Question 5: Erik Paulsen has won his last two elections handily. What are your strategies for beating an incumbent?
We need to raise enough money to run a competitive race. This means informing the voters in the district that Rep. Paulsen is an extremist. He is Michele Bachmann in Jim Ramstad clothing. The residents in CD3 deserve someone that is open, honest, and represents them, not special interests.
Voters in the Third District need to know who the real Erik Paulsen is. In Paulsen's America, seniors can't depend on Medicare or Social Security. Economic interests of large corporations are looked after while the rest of us are left to defend for ourselves. Education and infrastructure are no longer priorities. The Third District is a moderate swing district where Obama won by 7 points. As a 20 year resident, parent, scientist, business owner, and community activist I can relate to the people of this district and they can relate to me.
Question 6: Michael Davis from Brooklyn Center writes, “Currently I am voting for Erik Paulsen, mainly because I am very centrist in my political views, and for the most part, Paulsen has done an excellent job of representing the center. I also have not heard much of anything from his two rivals, so if I hear good, non-partisan, non-polarising campaigning from one of the DFL candidate, I may change my mind.” What is your pitch to Michael and moderate voters?
I would say that Erik Paulsen has voted against fair pay for women when he voted the Lilly Ledbetter act. He voted against Medicare and Social Security when he voted for the Ryan budget. And he consistently votes against our children's education. I will appeal to moderate voters by talking about the issues that matter to every family in every community like education, affordable housing, keeping people in their homes, and the social safety net of Social Security and Medicare.
The pitch to moderate voters is the same for all voters. We need to focus on our economy, education, deficit reduction and the things that will make a difference in peoples lives, like the questions that have been posed in this forum. We don't need to be focusing on divisive and discriminatory social policies, like Representative Paulsen has.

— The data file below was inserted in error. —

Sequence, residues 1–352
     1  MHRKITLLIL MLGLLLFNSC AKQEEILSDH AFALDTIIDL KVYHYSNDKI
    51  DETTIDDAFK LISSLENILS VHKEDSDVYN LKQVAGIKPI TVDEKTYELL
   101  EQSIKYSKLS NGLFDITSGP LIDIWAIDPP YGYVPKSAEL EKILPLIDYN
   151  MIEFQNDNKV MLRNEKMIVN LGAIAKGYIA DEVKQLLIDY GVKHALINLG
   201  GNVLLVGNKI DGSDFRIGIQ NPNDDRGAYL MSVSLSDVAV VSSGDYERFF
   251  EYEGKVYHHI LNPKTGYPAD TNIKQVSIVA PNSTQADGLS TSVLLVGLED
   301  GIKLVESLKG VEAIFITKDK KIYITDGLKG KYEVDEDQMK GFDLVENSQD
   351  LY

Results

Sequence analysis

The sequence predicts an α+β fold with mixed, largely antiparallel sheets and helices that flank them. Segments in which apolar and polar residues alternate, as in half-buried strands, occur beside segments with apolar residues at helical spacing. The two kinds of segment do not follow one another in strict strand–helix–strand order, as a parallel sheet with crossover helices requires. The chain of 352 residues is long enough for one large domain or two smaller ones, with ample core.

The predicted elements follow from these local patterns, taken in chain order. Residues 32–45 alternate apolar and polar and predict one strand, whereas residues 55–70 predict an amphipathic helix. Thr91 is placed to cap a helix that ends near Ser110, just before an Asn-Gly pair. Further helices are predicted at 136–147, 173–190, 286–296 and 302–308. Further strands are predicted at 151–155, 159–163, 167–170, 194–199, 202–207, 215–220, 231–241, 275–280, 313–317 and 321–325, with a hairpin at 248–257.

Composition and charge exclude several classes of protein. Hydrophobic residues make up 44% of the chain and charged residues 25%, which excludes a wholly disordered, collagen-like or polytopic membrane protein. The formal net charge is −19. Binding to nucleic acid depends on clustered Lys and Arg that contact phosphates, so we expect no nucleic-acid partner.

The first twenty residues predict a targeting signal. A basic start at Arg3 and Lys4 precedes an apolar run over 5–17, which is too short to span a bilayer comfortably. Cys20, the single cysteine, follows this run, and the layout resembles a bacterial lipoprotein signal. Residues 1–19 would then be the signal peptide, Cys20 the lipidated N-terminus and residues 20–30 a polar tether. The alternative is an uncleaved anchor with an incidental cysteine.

Question 7: Brian Barnes touched on this issue earlier. Erik Paulsen currently has $1,072,168 cash on hand to spend on this campaign. He’s demonstrated a consistent ability to raise a lot of money. Reed Carpenter from Bloomington asks, “How do you plan to raise enough money to challenge the incumbent?”
We raised over $50,000 our first quarter, which is on par with the candidates in CD8 and is the most raised by a first-time candidate challenging an incumbent in this district. Raising money is a matter of momentum, and it comes from people like you who care about our country's future and our children's future.
There's no denying that Erik Paulsen receives tons of money from special interest groups. All my money so far has come from individuals, almost all of whom live in the state. We are fortunate to live in MN where getting to know voters is as important as raising money early in the race. The DCCC has targeted this as a race to watch, and we will raise the money.
Question 8: Nancy Johnson from Edina writes, “I believe that most of our problems could be easily solved if politicians did not owe so many favors by the time they get elected. Would you support publicly funded elections?”
Nancy, that is great point. Yes!
Question 9: Will you abide by the DFL endorsement process? If you don’t get the DFL endorsement will you drop out of the race and support your opponent?